posted by warriorqueen at 6:46 PM on June 2

Does your company give yearly bonuses? Could this be something that comes out of the next one?
posted by Aleyn at 7:29 PM on June 2

Mod note: From the OP:
Thank you for all your responses. This situation has now been resolved, although not at all in the way I’d hoped.

To reiterate, I did not have any say or power in this situation (middle management) but I took several commenters’ advice and kept going up the chain until I at least got an answer that made sense. This upset a couple of people and got me in trouble (a bit) but it was worth the capital and I trust my boss, who understood why I was so fired up.

The answer pertains to something I left out, though I was clear that I am not in a corporate environment: our salaries are paid with government funding (I don’t want to be more specific) and therefore our finances are audited by our state. It is not possible to do any creative accounting for this reason. I think it would be different in an independent non-profit.

Once I had gone as high as possible and gotten more clarity, I spoke with the employee. I stated that the communication was poor around this incident, that our immediate management was really upset on their behalf about both the mistake and the communication, and that we had done everything in our power to find another solution. Since we could not, as people we (three levels of management) offered to cover the cost of the repayment - personally, because the institutional rules wouldn’t allow it another way. I explained that we knew the employee might not want that, but it was there as an offer because we all agreed it wasn’t okay, but didn’t have power to otherwise fix it. The employee declined but said they were very touched, and that they felt supported. I think communicating with compassion and clarity was really the only thing in my power to do, and it turned out to be key.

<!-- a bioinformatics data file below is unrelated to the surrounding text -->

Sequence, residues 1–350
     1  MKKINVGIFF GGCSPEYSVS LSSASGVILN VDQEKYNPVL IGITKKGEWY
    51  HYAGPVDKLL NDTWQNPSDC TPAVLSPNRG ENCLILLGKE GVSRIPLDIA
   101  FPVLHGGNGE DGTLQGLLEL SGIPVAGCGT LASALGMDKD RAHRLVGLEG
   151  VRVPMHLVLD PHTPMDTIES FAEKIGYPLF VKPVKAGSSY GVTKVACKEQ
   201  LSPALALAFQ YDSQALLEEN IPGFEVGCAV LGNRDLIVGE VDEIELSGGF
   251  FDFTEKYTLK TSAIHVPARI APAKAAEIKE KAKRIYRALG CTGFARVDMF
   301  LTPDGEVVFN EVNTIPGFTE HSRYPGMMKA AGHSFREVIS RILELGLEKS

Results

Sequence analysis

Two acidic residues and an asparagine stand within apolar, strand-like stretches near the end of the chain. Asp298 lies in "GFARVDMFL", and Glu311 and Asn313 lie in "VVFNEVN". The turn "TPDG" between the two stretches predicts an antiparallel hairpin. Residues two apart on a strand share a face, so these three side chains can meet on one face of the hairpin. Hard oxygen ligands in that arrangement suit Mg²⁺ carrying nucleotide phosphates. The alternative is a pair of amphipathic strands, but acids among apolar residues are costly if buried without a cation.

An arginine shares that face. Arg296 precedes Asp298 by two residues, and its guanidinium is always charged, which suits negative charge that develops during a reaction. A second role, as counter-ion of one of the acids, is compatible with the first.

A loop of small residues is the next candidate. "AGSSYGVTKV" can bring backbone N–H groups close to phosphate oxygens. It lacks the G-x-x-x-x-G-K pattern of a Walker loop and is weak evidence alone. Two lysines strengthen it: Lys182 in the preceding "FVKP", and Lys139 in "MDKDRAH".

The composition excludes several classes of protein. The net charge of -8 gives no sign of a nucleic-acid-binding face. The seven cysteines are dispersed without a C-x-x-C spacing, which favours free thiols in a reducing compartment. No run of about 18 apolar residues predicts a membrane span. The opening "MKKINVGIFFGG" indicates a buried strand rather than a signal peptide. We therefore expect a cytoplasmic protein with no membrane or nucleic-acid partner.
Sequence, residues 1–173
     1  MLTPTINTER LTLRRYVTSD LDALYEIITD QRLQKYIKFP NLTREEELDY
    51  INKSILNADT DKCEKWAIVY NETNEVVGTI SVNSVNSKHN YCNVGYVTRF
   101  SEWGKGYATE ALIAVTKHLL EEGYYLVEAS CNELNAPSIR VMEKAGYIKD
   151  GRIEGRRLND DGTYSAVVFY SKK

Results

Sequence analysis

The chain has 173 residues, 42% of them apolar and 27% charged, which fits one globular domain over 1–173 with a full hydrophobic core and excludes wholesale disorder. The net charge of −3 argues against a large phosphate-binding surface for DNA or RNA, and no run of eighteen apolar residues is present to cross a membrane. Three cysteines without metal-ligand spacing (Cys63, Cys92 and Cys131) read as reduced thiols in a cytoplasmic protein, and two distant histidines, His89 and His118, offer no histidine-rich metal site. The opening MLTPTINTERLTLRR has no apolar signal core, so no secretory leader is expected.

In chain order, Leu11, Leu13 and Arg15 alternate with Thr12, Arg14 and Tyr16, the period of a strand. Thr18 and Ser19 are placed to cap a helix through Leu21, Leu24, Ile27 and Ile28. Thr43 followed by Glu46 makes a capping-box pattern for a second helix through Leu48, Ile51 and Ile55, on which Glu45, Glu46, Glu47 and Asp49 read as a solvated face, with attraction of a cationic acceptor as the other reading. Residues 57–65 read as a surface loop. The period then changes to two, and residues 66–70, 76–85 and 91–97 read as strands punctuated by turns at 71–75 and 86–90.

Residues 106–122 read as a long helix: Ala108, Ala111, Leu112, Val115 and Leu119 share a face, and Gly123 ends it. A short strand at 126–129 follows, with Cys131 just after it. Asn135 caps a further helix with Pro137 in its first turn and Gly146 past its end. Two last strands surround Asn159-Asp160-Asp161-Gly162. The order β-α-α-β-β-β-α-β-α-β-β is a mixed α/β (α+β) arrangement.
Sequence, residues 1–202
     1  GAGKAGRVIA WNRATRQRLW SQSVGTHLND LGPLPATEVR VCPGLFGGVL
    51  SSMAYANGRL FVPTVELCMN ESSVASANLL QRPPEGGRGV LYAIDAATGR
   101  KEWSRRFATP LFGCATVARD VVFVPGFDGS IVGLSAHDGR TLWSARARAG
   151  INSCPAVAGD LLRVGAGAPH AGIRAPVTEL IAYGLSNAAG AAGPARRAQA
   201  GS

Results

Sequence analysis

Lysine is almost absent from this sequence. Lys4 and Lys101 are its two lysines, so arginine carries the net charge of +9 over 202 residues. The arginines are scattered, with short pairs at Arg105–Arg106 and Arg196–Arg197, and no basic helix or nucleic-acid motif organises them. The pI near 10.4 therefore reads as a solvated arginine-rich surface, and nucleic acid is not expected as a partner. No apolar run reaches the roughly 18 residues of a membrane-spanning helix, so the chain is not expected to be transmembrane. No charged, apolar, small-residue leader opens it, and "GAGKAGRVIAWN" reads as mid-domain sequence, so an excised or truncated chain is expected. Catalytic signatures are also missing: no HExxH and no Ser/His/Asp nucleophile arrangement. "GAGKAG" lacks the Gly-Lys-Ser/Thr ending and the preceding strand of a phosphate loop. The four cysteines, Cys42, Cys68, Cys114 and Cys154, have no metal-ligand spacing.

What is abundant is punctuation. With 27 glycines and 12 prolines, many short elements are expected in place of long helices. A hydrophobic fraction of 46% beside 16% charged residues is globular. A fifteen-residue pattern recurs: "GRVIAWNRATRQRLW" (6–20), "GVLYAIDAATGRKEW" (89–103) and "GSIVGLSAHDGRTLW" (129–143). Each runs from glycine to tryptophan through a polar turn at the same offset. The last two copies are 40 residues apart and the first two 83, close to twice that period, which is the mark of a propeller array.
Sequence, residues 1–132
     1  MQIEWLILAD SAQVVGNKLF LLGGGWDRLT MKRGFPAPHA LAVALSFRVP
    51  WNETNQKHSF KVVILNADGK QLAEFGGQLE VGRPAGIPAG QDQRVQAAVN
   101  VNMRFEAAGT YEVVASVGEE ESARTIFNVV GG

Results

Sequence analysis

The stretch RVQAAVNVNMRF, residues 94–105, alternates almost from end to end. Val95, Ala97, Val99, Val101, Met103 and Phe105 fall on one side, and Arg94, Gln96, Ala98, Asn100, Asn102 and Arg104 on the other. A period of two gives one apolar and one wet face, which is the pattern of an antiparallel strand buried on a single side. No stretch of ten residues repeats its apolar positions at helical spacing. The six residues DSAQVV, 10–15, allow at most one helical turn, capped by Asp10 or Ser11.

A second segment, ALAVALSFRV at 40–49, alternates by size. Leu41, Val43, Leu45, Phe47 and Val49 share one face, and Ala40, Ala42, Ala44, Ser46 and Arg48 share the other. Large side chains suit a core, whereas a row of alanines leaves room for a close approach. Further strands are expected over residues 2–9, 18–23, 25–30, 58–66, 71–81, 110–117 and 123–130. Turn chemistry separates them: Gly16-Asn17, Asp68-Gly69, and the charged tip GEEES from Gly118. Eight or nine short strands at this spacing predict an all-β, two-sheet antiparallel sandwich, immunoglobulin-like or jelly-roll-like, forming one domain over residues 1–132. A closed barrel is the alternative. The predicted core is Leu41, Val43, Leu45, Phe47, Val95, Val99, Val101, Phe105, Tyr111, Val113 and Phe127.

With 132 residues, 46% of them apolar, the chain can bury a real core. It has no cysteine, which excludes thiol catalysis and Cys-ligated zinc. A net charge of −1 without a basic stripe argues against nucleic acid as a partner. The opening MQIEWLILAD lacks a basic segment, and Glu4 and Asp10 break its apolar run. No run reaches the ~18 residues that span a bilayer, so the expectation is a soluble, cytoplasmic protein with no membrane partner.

I remain deeply frustrated by the whole affair, but really appreciated how many of you here shared my sense of injustice. Dang, it’s hard.
posted by taz (staff) at 10:36 PM on June 11 [4 favorites]

Since it comes down to government funding, it might be worth a visit with your elected representative. Sometimes there are strings that can be easily pulled if the right person is on your side.
posted by rikschell at 7:15 AM on June 13